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MLB Properties, Inc. v. Salvino, Inc.

MLB Properties, Inc. v. Salvino, Inc.

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Published by Reid Murtaugh

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Published by: Reid Murtaugh on Jan 23, 2009
Copyright:Attribution Non-commercial


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Major League Baseball Properties, Inc. v. Salvino, Inc. Southern District Court of New York 420 F. Supp.

2d 212 (S.D.N.Y. 2005) Key Search Terms: anti-trust, trade dress, Sherman Act, rule of reason, relevant market Facts Major League Baseball Properties (MLBP) licenses the rights to use MLB intellectual property on retail products. Salvino, Inc. was making bean-filled bears known as Bammers, featuring the logo of certain MLB Clubs. MLBP argued that Salvino did not request a license to use MLBP intellectual property. After learning of this, MLBP sent a cease-and-desist letter to Salvino. Salvino then brought a claim against MLBP alleging violation of antitrust laws. MLBP then brought trade dress, breach of contract, and unfair competition claims against Salvino. Both parties moved for summary judgment. Issue Is the MLBP’s licensing of MLB intellectual property a restraint of trade? Holding To prove a violation of Section 1 of the Sherman Act, a plaintiff must demonstrate: (1) a combination or some form of concerted action between at least two legally distinct economic entities that (2) unreasonably restrains trade under a per se or rule of reason analysis. For conduct to be illegal per se, it must fall within the narrow range of behavior that is considered so plainly anticompetitive and so lacking in redeeming pro-competitive value that it is presumed illegal without further examination. MLBP’s role in licensing MLB intellectual property is not per se anti-competitive because it is not a naked restraint on trade. It facilitates the efficient protection and quality control of MLB intellectual property. Courts have declined to apply the per se rule to sports leagues where cooperation among competitors can under some circumstances have legitimate purposes as well as anticompetitive effects. Using the rule of reason analysis, conduct is deemed illegal only if it unreasonably restrains competition. Salvino failed to offer any evidence of MLBP’s actual adverse effect on the market or its sufficient market power. Thus, Salvino did not demonstrate under the rule of reason that MLBP placed unreasonable restraints on trade, so MLBP’s motion for summary judgment on Salvino’s antitrust claim was granted. Because MLBP demonstrated the nonfunctional nature of the Bammers’ trade dress and because genuine issues of fact existed with respect to the secondary meaning of the MLB Clubs’ trade dress, Salvino’s motion for summary judgment on MLBP’s trade dress claim was denied.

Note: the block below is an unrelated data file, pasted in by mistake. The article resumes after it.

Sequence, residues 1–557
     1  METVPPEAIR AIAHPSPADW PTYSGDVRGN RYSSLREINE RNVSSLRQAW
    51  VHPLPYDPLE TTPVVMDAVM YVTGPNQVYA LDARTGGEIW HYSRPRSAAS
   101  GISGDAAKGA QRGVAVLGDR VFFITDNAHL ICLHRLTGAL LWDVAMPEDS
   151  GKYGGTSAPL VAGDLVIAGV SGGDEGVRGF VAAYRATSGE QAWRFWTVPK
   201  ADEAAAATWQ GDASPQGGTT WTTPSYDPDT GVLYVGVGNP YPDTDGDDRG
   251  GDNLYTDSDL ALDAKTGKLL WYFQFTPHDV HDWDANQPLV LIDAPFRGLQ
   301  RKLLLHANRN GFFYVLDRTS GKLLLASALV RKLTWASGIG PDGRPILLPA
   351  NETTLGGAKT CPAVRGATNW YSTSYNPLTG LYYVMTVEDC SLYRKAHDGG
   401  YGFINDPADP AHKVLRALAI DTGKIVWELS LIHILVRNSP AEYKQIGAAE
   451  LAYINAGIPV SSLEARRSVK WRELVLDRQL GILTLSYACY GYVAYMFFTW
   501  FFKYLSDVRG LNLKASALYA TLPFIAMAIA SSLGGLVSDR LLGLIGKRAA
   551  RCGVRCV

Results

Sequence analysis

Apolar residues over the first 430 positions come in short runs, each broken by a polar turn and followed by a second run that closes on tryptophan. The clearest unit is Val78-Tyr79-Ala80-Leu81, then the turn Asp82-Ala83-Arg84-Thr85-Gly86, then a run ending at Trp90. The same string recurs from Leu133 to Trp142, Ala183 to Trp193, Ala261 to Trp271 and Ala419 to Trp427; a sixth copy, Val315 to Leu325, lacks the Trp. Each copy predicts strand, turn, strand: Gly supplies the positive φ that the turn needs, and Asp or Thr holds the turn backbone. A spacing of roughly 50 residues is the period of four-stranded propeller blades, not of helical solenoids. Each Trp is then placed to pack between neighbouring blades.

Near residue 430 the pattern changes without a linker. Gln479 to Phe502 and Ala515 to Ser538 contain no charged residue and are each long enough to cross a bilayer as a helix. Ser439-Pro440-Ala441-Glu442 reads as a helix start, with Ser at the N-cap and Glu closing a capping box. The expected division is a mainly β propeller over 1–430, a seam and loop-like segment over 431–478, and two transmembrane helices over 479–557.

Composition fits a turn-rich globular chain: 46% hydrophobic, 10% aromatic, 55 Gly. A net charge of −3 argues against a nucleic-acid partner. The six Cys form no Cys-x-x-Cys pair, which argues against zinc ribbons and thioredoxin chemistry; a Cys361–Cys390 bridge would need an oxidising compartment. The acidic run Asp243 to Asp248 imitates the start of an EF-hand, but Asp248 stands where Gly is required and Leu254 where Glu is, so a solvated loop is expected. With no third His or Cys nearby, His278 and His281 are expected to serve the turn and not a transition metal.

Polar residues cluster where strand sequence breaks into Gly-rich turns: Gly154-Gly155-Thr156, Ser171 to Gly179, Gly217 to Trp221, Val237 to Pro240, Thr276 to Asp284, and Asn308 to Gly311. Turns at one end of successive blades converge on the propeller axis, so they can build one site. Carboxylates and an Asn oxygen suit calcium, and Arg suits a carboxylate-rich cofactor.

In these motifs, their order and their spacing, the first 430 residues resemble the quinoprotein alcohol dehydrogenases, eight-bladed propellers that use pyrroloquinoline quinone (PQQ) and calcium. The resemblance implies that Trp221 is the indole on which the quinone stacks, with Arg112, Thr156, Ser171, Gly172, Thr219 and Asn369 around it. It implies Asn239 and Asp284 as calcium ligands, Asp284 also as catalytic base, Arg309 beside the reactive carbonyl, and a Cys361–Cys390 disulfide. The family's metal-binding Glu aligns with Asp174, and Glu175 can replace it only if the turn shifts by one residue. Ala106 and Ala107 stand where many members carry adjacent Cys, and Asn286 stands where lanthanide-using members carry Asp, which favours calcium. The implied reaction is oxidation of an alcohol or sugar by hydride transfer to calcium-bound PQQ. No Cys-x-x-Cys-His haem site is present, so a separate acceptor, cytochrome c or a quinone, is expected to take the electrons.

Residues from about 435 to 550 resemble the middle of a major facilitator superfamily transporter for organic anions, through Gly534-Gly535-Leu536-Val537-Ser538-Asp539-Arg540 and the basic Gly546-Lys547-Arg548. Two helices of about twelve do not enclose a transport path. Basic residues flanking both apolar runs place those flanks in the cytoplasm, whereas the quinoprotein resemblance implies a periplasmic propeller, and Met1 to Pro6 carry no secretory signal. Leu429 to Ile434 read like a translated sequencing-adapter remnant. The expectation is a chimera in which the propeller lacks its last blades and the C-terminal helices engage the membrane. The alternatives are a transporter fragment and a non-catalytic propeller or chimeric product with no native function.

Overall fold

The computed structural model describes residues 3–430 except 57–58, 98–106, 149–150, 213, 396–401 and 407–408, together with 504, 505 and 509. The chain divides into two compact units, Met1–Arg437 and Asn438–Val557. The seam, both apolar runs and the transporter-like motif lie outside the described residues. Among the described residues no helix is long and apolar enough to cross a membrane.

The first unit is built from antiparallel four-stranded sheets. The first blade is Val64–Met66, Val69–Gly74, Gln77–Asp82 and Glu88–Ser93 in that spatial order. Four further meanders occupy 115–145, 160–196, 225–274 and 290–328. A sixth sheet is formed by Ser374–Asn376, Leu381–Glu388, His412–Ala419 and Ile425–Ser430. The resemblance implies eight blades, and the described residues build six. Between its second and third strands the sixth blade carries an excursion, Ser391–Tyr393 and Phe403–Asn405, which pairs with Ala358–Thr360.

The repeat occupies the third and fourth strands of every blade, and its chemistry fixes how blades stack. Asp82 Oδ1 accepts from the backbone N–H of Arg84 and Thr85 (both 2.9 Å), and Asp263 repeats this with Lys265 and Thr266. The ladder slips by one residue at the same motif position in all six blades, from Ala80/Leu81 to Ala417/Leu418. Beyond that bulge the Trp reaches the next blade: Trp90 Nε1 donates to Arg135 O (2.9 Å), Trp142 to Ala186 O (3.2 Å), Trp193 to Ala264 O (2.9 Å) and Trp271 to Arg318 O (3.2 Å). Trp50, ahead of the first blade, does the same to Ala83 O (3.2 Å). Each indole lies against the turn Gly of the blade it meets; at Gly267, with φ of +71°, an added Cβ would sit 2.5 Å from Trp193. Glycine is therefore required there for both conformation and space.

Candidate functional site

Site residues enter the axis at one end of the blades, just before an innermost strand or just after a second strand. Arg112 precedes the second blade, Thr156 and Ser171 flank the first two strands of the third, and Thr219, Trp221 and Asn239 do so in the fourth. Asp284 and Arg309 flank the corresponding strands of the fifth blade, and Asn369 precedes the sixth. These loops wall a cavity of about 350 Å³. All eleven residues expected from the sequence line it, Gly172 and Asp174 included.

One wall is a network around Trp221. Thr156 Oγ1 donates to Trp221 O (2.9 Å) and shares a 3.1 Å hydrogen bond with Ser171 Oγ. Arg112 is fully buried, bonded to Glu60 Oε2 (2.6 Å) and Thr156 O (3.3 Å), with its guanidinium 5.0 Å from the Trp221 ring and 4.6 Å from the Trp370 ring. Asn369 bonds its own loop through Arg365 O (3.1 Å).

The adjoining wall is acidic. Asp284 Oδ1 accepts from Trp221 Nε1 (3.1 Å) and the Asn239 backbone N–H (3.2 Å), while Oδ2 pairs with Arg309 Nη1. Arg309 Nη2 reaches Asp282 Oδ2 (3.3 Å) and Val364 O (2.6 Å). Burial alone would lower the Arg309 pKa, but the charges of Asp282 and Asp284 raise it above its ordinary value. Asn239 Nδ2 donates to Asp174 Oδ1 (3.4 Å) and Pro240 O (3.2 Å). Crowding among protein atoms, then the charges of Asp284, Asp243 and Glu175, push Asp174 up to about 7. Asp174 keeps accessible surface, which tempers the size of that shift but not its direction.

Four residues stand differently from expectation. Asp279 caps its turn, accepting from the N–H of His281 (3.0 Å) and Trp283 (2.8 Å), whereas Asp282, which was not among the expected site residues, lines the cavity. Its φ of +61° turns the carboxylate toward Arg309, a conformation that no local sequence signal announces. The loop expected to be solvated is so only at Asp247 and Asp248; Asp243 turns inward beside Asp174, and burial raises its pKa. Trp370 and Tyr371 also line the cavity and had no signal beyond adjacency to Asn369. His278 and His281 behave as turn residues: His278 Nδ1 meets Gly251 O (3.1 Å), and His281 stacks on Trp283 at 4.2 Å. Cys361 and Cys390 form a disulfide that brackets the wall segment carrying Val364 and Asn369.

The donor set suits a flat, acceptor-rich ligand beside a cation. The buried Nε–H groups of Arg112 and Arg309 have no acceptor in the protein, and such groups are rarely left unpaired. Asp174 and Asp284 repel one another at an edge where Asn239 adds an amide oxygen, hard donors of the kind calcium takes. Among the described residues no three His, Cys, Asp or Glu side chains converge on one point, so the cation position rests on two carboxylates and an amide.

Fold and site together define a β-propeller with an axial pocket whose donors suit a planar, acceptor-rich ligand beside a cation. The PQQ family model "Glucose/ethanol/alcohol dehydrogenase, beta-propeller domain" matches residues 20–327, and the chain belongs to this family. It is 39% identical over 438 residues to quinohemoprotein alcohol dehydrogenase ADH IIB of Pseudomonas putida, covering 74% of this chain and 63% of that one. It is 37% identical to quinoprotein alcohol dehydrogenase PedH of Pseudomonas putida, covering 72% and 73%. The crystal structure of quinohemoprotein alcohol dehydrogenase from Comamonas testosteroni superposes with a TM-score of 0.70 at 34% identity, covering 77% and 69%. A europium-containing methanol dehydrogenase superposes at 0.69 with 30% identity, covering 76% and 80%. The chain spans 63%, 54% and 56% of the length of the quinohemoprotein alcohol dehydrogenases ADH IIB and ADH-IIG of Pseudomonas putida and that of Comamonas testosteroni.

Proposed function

Summarized by: Leslie Adams

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